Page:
Kantaru Rajeevaru v Indian Young Lawyers’ Association
The Supreme Court is reviewing its 2018 judgment, wherein it declared unconstitutional the Sabarimala Temple's practice of excluding women of a 'menstruating age'. The outcome may lay down a path for the Courts to reconcile the essential religious practice test with constitutional principles.
N.V. Ramana CJI
R Banumathi J
Ashok Bhushan J
L.N. Rao J
Abdul Nazeer J
B.R. Gavai J
Subhash Reddy J
Surya Kant J
Petitioner: Kantaru Rajeevaru
Lawyers: Sr. Adv. K. Parasaran; Sr. Adv. V. Giri; Sr. Adv. A.M. Singhvi, Sr. Adv. Shekhar Naphade; Sr. Adv. Venkataramani; Sr. Adv. Mohan Parasaran; Sr. Adv. Gopal Sankarnaryanan; Sai Deepak
Respondent: Indian Young Lawyers Association
Lawyers: Sr. Adv. Jaideep Gupta, Sr. Adv. Rakesh Dwivedi
Intervenor: Bindu and Kanaka Durga
Lawyers: Sr. Adv. Indira Jaisingh
Case Number: RP (C) 3358/2018
Last Updated: June 1, 2023
[RESOLVED] Whether the Court has the power to refer a question in law to a larger bench in a review petition?
Whether a person not belonging to a religious denomination or religious group can question a practice of that religious denomination or religious group by filing a PIL?
What is the scope and extent of judicial review with regard to a religious practice as referred to in Article 25 of the Constitution of India?
What is the scope and extent of the word ‘morality’ under Articles 25 and 26 of the Constitution of India and whether it is meant to include Constitutional morality?
What is the scope and ambit of right to freedom of religion under Article 25 of the Constitution of India?
What is the inter-play between the rights of persons under Article 25 of the Constitution of India and rights of religious denomination under Article 26 of the Constitution of India?
Whether the rights of a religious denomination under Article 26 of the Constitution of India are subject to other provisions of Part III of the Constitution of India apart from public order, morality and health?
What is the meaning of expression “Sections of Hindus” occurring in Article 25 (2) (b) of the Constitution of India?
The case background for the 2018 Sabarimala writ petition can be found here.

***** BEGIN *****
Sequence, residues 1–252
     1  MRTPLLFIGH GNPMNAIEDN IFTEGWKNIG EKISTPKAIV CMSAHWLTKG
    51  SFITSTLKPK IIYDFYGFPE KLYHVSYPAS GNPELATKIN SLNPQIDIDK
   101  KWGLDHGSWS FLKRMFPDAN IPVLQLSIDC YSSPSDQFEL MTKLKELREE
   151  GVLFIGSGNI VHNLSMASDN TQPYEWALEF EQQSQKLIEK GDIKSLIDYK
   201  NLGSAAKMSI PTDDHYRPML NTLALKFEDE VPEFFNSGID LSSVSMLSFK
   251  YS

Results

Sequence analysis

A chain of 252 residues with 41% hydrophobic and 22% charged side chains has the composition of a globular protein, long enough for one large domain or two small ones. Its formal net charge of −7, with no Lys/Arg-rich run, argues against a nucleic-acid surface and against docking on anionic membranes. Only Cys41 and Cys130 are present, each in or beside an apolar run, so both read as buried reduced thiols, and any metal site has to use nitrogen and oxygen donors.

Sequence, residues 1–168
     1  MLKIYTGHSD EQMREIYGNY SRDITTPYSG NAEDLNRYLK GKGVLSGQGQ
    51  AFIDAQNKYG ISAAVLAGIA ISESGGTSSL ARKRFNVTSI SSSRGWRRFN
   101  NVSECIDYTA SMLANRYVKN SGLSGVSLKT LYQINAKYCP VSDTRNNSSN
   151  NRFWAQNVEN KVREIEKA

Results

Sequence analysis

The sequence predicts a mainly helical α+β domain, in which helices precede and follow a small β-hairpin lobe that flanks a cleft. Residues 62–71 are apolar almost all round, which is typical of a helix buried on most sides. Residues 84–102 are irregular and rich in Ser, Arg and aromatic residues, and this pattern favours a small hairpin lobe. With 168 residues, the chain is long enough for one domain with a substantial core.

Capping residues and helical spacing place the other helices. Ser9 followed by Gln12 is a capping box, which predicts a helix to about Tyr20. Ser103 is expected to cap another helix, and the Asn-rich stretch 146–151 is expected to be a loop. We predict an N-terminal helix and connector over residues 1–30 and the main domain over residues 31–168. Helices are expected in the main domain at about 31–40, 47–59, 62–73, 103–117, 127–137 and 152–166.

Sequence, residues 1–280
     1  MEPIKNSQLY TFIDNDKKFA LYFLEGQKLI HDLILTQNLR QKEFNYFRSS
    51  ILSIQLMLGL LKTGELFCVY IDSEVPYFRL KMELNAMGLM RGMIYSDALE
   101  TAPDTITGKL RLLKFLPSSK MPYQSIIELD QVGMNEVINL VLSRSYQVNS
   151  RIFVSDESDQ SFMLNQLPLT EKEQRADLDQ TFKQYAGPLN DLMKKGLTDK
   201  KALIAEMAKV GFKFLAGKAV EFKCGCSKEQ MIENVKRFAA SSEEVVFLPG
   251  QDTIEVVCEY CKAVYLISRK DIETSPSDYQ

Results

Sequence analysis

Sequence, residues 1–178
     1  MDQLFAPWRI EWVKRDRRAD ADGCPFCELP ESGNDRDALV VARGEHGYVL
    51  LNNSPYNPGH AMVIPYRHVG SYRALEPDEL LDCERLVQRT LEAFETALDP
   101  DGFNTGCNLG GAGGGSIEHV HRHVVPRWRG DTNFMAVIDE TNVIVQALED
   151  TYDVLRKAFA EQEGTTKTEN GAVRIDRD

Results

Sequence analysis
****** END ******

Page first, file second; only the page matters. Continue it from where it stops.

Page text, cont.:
On September 28th 2018, a 4:1 majority of the Supreme Court held that the Sabarimala Temple’s exclusionary custom is unconstitutional. The custom prohibited women between the ages of 10 and 50 years old from entering the temple. The judgment primary held that the custom violated the fundamental right to freedom of religion of female worshippers under Article 25 of the Constitution.
More than 50 review petitions were subsequently filed by various individuals and organisations including Kantaru Rajeevaru, the National Ayyappa Devotees (Women’s) Association, the Nair Service Society, & the All Kerala Brahmin’s Association. On November 13th 2018, the Court began hearing the review petitions in open court. As Chief Justice Dipak Misra had retired, Chief Justice Ranjan Gogoi replaced him on the Bench. The other judges on the Bench remained the same: Justices Ajay Manikrao Khanwilkar, Rohinton Nariman, D.Y. Chandrachud and Indu Malhotra.
One year later, on November 14th 2019, the Bench delivered a judgment keeping the review petitions pending and referring certain overarching constitutional questions to a larger Bench. These overarching issues pertain to women’s acess to public religious institutions. By a narrow 3:2 majority, the Bench speculated that other freedom of religion cases may object to the reasoning in the 2018 Sabarimala judgment and order a referral. Justices Nariman and Chandrachud dissented, holding that this speculation went beyond the narrow scope of a review petition.
On January 13th 2020, a new Bench comprising the following judges will begin hearing the overarching referral questions: Chief Justice S.A. Bobde and Justices, R. Banumathi, Ashok Bhushan, Nageswara Rao, Mohan M. Shantanagoudar, S. Abdul Nazeer, R. Subhash Reddy, B.R. Gavai and Surya Kant.
Before final arguments began on the referral questions, the issue arose as to whether a Bench hearing a review petition could make a referral in the first place. The counsels opposing the November 14th 2019 referral argued that the Court’s review jurisdiction is too narrow to allow for a referral. However, on February 10th, the nine-judge Bench upheld the referral order issued in the November 14th judgment. It held that the Court has the power to refer a point in law to a larger bench in a review petition, however it did not offer any reasons for this finding.
It has tagged three other pending cases – these cases pertain to Muslim women’s right to enter mosques, Parsi women’s right to enter a Fire Temple after having married a non-Parsi, and the practice of female genital mutilation (FGM) among the Dawoodi Bohra community.